For the sake of simplicity, let’s say that there are two factors that affect one’s pacing on the SAT, which we’ll call “brain speed” and “habit speed.”
Brain speed is somewhat analogous to processor speed in a computer. It cannot be easily changed; some people’s brains move from thought to thought faster than others’. I don’t know if there’s any correlation between brain speed and intelligence. Over many years teaching students, I have observed some very smart people with slow brain speed (even a couple of geniuses), and some who aren’t as smart, but who process quickly.
If you’re a brainiac who processes slowly, there’s no reason you can’t be successful in a variety of fields. However, standardized tests such as the SAT can be something of a stumbling block. Arguably, students are given less time to solve questions on the SAT than they will be on college exams. In an earlier article, I proposed that the SAT would be fairer if it were administered over two days.
However, only a small minority of students have a brain speed so slow that it prevents them from answering most of the questions on the SAT. That is, most students who leave more than a handful of blanks do so largely out of “habit speed,” and will be able to speed up.
Before I get into specific methods of speeding up, I want to mention one relevant issue that only affects part of the test: reading speed. If you’re a slow reader, you will have trouble with sections that include passages. Of course, it is possible to improve reading speed. You might take a speed reading course (live or online). But if you have a learning disability that affects reading speed (and don’t qualify for special accommodations), or if English in not your primary language, you may still have a problem. Note that there are ways to approach the Reading questions without reading the entire passage. Unfortunately, they are beyond the scope of this article.
The advice I want to offer here is straightforward, but the process of improving your pace can be frustrating. The SAT is already quite challenging, and devoting some of your focus and energy to pacing may throw you off. Your scores may even drop temporarily, but you shouldn’t let that bother you.
Remember that, whatever your overall pace, you should begin slowly on each question. Review what I said about pacing like a golf swing in this article.
Using New Techniques to Speed Up
Whether you are studying from books, websites, or live teachers, you will learn new techniques to solve SAT questions, such as plugging in and anticipation. These techniques are designed to help you answer more questions correctly; they almost always help you solve faster as well. My students often question this. “They ask, if I take all that time anticipating, won’t I have trouble finishing the sections?” At first, you may slow down as you struggle with new methods. But eventually, that extra bit of time you spend at the beginning of a question will you help you to solve more efficiently – i.e. faster.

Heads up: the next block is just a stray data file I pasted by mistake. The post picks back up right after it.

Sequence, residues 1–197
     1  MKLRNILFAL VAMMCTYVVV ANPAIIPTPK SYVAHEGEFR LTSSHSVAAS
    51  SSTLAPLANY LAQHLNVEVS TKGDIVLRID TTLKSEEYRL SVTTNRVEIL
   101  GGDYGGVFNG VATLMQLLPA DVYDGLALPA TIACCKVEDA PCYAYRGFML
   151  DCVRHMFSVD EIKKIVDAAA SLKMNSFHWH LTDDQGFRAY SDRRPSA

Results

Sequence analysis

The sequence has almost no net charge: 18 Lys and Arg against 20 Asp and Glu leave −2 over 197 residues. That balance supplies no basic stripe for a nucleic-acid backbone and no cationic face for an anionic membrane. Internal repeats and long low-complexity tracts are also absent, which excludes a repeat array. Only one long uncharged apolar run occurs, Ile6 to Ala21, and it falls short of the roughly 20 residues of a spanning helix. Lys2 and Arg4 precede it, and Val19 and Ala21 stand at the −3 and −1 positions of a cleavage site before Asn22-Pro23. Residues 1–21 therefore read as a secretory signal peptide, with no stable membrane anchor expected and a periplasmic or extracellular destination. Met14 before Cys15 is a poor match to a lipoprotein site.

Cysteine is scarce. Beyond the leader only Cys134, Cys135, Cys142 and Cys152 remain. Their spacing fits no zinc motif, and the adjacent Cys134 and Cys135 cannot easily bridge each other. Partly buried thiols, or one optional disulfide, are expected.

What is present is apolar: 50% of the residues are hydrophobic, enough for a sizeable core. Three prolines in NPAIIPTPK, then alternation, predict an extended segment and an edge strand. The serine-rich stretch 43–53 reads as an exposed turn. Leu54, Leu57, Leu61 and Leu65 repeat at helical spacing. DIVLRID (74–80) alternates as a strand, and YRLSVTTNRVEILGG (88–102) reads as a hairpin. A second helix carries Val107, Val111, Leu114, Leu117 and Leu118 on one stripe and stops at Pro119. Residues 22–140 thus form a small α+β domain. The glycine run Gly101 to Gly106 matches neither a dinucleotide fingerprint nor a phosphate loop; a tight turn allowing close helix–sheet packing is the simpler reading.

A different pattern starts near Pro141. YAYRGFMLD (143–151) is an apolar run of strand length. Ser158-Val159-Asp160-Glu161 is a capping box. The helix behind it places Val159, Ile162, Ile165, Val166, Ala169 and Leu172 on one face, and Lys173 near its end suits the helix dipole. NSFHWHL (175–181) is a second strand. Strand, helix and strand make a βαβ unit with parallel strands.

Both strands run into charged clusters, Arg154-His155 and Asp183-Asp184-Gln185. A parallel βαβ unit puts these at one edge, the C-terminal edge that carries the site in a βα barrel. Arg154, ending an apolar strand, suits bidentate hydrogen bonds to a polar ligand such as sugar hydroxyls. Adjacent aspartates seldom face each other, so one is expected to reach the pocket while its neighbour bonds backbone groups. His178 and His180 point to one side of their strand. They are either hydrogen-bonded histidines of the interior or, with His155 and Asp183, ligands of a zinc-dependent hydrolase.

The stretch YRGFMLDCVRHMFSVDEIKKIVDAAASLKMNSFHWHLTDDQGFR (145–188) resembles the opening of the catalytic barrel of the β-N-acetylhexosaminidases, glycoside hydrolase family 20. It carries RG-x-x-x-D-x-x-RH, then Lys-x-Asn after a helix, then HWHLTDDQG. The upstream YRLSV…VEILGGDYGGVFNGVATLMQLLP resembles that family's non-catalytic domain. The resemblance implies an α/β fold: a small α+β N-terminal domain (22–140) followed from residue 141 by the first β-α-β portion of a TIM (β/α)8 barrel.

When you first learn new methods, it is more important to concentrate on using them properly than on scoring high and/or finishing quickly. Have patience, and your results will improve over time.
Improving “Habit Speed”
I’ve had many students who believed they were slow thinkers, but actually weren’t. How can you tell? After many years of teaching, I can usually estimate a student’s potential “thinking speed” after a lesson or two; perhaps you know a teacher who can do the same. Also, based on completely unscientific observation, I’ve noticed a strong (and perhaps surprising) correlation between hand speed and brain speed. It’s not foolproof, but if you have quick hands, you may be a potentially fast thinker.
I use the term “habit speed” since I’ve found that many students solve slowly because they have become comfortable doing so. After all, time-pressure is not such a great factor on most tests, so there’s no incentive to practice performing at top speed.
Since speeding up will entail leaving your “comfort zone,” it is only natural that your accuracy will suffer somewhat, until you become comfortable and familiar with your new pace.
I did not invent the technique I am about to describe. In fact, it’s simple enough that I’m sure many people have thought of it on their own. To give due credit, I actually got the idea from a Karate expert named Dan Anderson. His instructor had told him never to perform a martial arts technique faster than he could with perfect form. However, when Anderson became a teacher, he found that such a rigid approach retarded his students’ development. Instead, he encouraged them to perform their techniques a little faster than they could perfectly. They became fast fighters quickly, and won a lot of tournaments.
You can apply this idea to solving SAT questions. Don’t go crazy and try to increase your speed by 50 per cent in one sitting. Aim for an increase of 10 – 15 per cent. If your score stays the same, that’s good. If it drops, you can try it again on another test. Once you are doing well, you can then try increasing your speed again. At some point, you may decide that you’ve gone too far, and need to back off a bit.
This method is not Nobel Prize-winning material, but it should be simple to implement. Just remember these two precepts: a little at a time, and be patient with your scores.
As you can imagine, this technique is a lot more helpful to some students than others. If you find that your speed doesn’t improve by that much, remember that you can still get a very nice score even if you leave out 5 questions on each section. And if you do speed up a lot, be careful not to overdo it. It’s not worth making careless errors by trying to save time for the longer, harder questions that are found at the end of most SAT sections.